Esinathy Sibanda – Chronicle
GOVERNMENT earned about US$2,7 million after exporting 97 elephants to China and Dubai, a Cabinet Minister said.
Environment, Tourism and Hospitality Industry Minister Priscah Mupfumira said the Zimbabwe Parks and Wildlife Management Authority received the generated revenue and used it to support elephant conservation activities.
The elephants were sold for prices ranging from US$13 500 to US$41 500 each.
This comes when the country is pushing for the legalisation of ivory trade which is restricted by the Convention on International Trade in Endangered Species of Flora and Fauna (CITES).
“Zimbabwe Parks and Wildlife Management Authority exported a total of 97 sub-adult elephants to China and Dubai between 2012 and 1 January 2018. A total of 93 elephants were exported to China and four were exported to Dubai. The elephants were airlifted to Shanghai Wildlife Park, Jiangmeu-Hesham, Chimelong and Umurgi in China and to Dubai Safari Park. There were no elephant deaths in transit,” said Minister Mupfumira.
“The Authority received US$2 715 000. The beneficiary of the revenue generated was the Zimbabwe Parks and Wildlife Management Authority. The funds were used to support elephant conservation activities.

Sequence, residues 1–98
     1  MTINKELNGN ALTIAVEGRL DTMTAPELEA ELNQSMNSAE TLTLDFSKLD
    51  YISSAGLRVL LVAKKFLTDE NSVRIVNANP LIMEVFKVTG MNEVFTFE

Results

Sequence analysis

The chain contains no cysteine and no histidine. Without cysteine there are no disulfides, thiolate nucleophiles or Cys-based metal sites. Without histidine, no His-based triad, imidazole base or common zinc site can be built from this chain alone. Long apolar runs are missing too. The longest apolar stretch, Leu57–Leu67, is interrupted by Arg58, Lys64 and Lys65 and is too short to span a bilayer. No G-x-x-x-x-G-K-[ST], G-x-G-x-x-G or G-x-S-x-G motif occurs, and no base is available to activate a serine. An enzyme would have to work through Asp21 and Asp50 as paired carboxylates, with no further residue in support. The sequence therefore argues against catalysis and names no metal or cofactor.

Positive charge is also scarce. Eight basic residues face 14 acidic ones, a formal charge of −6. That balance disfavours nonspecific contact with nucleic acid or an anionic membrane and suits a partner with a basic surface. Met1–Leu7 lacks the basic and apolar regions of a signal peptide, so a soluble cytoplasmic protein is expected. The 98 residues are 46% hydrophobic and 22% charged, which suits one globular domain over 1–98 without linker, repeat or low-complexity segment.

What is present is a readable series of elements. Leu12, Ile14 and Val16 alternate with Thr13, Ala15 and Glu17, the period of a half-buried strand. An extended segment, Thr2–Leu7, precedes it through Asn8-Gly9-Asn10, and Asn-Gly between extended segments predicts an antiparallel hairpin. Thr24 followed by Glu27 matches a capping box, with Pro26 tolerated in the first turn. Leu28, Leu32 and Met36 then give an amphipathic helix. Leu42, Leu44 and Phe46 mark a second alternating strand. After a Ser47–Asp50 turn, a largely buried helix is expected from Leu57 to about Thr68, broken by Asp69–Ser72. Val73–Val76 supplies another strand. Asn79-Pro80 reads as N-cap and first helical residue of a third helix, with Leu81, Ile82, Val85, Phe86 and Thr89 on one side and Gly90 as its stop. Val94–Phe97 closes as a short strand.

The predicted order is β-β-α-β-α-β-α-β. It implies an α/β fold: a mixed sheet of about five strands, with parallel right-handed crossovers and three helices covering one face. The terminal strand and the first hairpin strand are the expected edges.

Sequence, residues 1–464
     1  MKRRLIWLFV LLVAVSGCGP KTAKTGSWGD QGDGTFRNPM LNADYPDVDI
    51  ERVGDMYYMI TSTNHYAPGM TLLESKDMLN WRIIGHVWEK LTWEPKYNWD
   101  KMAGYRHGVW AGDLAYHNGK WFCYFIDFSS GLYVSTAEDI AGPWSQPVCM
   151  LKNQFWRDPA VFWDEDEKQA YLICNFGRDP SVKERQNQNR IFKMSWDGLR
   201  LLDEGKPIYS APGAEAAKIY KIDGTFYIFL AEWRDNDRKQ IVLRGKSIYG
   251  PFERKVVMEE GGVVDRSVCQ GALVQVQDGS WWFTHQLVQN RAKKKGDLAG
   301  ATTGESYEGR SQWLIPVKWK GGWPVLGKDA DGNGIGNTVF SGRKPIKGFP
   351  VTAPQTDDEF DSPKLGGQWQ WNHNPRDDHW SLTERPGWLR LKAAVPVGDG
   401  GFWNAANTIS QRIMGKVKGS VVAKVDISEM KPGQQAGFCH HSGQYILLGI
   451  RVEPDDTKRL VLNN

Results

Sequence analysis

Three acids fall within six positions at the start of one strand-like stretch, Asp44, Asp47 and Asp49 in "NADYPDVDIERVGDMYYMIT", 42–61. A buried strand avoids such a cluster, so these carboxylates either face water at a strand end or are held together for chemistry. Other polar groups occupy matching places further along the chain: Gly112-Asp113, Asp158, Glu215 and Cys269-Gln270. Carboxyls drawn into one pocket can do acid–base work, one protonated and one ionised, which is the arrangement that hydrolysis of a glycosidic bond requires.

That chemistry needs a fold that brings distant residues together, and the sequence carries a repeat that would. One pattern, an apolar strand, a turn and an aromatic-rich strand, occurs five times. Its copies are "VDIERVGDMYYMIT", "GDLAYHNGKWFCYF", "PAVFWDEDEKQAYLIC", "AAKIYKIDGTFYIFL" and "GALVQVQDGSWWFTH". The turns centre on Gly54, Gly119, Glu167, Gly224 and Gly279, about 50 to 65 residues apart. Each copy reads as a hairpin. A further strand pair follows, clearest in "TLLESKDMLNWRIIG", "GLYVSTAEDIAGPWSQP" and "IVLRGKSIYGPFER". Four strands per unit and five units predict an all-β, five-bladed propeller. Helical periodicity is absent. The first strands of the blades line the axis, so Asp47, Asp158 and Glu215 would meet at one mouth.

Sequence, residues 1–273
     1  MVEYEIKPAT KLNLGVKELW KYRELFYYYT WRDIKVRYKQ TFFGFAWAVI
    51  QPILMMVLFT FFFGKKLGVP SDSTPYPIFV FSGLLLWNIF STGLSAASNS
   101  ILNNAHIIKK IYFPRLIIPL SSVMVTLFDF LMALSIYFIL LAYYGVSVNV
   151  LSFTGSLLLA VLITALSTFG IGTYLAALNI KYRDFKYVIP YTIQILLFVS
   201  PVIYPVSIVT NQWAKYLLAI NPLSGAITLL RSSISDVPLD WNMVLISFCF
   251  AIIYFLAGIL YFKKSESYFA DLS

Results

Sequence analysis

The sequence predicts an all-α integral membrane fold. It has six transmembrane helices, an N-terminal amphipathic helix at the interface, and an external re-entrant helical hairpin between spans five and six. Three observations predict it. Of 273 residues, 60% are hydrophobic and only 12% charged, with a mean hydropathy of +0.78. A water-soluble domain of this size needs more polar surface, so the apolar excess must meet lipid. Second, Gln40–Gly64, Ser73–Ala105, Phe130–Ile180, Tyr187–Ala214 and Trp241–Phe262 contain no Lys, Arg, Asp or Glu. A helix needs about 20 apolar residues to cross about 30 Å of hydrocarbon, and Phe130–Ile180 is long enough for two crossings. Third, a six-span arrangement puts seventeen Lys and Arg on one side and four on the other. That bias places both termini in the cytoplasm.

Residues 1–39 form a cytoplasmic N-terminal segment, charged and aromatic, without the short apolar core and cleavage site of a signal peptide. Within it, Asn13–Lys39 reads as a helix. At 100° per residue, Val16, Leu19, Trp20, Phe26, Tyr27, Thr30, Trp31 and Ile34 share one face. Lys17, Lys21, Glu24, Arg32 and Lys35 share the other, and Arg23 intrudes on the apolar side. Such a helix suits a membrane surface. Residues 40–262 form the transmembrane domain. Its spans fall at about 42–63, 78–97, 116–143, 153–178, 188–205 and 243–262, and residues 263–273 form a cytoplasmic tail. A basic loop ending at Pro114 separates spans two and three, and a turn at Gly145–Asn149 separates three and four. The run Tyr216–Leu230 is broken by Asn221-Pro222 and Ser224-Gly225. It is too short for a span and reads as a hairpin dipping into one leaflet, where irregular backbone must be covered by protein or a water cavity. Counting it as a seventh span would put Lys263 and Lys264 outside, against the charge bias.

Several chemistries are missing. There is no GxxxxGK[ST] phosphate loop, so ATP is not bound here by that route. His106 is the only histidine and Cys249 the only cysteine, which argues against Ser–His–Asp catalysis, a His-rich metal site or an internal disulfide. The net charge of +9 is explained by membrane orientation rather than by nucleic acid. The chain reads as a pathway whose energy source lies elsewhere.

“The major conservation activities supported included anti-poaching operations through purchase of patrol vehicles, fuel, protective field clothing. Wildlife protection also included supporting intelligence and investigation units dotted throughout the country. Other activities included research and monitoring of major wildlife species, as well as carrying out conservation education and awareness campaigns in local communities living with wildlife.”
Minister Mupfumira said the country is now overpopulated with elephants and Government is pushing for lifting of ivory trade restrictions. Government has more than US$300 million worth of ivory which cannot be sold due to the restriction.
“Zimbabwe’s carrying capacity is 55 000 elephants but now we have 85 000. We cannot cull due to CITES restrictions and this is one of the issues we discussed recently at the Elephant Summit in Kasane, Botswana,” she said.
Minister Mupfumira said it was unfortunate that countries that did not have wildlife were deciding how the animals should be managed.
“We are sitting on ivory worth US$300 million which could be sold to fund our conservation programmes as well as benefit communities living in wildlife areas,” said Minister Mupfumira.
Botswana has the highest elephant population in Africa followed by Zimbabwe, Namibia, Zambia and Angola.